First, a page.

Maia Murphy-Williams is the Science Program Specialist at the Nature Conservancy in Washington. As the Science program specialist, Maia manages the day-to-day operations of the science team and supports The Nature Conservancy’s portfolio of science projects through ecological research, fieldwork, communications, and partnerships. Maia focuses on ecosystems-based research, adaptive management, administration, budgets, contracts, and communications among the science team and between the science team and other partners. Maia runs the Science at Home speaker series and works with the marketing and philanthropy teams to connect our science work to supporters and partners. Maia also dabbles in visual science communications through cartography, scientific infographics, and multimedia presentations.
In March 2020 Maia earned her Master of Science in Wildlife Science and Ecology at the University of Washington School of Environmental and Forest Sciences. Her thesis research examined the effects of climate change on the declining population of endemic Olympic Marmot and their alpine ecosystems on the Olympic Peninsula in partnership with Olympic National Park. Maia was also involved in a variety of other wildlife projects in Olympic, most recently the mountain goat translocation project of July 2019. Maia was a member of the Vogt lab and collaborated on several projects including the Holistic Learning Collaborative, an Earth Lab funded project seeking to develop a community participatory approach to create a foundational holistic framework to guide environmental management decision-making. In 2014, Maia earned a B.A in Biology with a focus in Ecology, Evolution, and Organisms from Colorado College. Her background is in ecological field research and she has worked on several wildlife projects across a wide diversity of ecosystem types in Kenya, Tanzania, Costa Rica, the Colorado Front Range, California, and Washington. Before joining the Nature Conservancy Maia gained a wide array of environmental science work experience, including three years working for Federal Agencies, From 2015-2016, Maia spent two seasons at Olympic National Park as a biological field technician on the Olympic Fisher Project doing fisher reintroduction and non-invasive monitoring. In 2017, Maia worked for the US Forest Service as the lead for a crew of 16 on the Sierra Nevada Carnivore Monitoring Program. Her research interests include landscape-scale conservation and climate change resilience within wildlife populations.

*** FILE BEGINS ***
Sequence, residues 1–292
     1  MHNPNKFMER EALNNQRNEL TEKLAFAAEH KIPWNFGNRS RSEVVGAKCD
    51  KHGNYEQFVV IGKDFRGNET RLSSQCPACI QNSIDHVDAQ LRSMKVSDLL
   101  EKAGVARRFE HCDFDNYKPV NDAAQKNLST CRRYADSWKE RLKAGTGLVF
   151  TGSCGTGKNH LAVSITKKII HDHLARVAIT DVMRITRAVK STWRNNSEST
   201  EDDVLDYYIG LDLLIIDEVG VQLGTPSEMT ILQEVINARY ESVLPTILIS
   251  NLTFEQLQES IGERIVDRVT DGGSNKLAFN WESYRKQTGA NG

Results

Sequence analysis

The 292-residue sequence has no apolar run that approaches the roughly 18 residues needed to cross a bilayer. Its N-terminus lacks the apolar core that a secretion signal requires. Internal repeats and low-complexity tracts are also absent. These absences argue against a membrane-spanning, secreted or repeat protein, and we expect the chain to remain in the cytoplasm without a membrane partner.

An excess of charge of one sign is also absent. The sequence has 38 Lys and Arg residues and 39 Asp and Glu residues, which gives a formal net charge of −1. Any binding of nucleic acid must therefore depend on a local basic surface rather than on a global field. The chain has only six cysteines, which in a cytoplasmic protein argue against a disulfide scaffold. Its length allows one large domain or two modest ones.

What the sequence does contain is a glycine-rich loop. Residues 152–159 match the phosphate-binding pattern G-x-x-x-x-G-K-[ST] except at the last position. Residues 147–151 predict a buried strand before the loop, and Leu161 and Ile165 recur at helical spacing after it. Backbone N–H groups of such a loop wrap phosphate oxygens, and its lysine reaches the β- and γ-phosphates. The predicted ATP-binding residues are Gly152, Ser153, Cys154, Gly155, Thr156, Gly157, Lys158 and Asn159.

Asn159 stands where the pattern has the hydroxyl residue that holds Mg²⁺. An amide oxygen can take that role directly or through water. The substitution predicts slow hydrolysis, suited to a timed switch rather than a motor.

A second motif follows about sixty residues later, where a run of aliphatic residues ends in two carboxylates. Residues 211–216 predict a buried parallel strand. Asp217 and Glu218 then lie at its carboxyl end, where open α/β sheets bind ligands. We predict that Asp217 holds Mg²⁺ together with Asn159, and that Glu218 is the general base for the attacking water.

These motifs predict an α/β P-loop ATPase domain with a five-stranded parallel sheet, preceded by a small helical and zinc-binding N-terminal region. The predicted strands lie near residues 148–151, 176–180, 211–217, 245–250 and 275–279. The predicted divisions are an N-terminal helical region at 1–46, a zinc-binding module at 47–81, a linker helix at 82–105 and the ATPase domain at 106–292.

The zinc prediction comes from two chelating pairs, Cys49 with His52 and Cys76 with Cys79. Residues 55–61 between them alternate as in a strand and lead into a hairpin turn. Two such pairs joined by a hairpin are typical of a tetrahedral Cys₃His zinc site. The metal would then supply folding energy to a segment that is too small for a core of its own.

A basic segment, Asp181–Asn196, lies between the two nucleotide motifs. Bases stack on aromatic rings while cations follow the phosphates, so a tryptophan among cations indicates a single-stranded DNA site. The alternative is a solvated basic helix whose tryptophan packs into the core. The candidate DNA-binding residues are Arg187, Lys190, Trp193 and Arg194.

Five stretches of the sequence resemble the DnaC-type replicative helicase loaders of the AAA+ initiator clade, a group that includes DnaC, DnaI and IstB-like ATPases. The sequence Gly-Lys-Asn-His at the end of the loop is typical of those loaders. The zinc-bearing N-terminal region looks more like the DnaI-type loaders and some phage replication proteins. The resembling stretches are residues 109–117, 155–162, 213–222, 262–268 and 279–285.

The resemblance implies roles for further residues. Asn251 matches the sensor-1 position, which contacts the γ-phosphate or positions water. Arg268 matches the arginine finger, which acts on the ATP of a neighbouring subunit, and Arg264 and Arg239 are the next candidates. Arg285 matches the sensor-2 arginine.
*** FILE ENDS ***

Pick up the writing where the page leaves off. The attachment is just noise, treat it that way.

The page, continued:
Maia grew up in Seattle and spent a lot of time exploring our wonderfully diverse Pacific Northwest ecosystems, deepening her lifelong fascination and appreciation for the natural world, and cultivating a drive to protect them. Maia also works with community groups around Seattle and is a volunteer organizer for Environmental Professionals of Color (Seattle Chapter) and is passionate about cultivating a world in which people and nature can thrive.